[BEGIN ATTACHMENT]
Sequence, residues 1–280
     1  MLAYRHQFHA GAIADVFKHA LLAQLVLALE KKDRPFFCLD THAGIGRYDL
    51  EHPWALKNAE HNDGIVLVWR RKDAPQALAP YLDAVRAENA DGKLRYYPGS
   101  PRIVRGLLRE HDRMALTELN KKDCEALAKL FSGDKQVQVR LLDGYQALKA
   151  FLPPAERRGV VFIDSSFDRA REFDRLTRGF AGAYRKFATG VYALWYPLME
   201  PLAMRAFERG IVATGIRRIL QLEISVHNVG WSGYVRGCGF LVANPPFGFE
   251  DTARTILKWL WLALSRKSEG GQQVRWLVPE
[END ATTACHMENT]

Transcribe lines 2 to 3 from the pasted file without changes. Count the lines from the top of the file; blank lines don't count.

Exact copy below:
     1  MLAYRHQFHA GAIADVFKHA LLAQLVLALE KKDRPFFCLD THAGIGRYDL
    51  EHPWALKNAE HNDGIVLVWR RKDAPQALAP YLDAVRAENA DGKLRYYPGS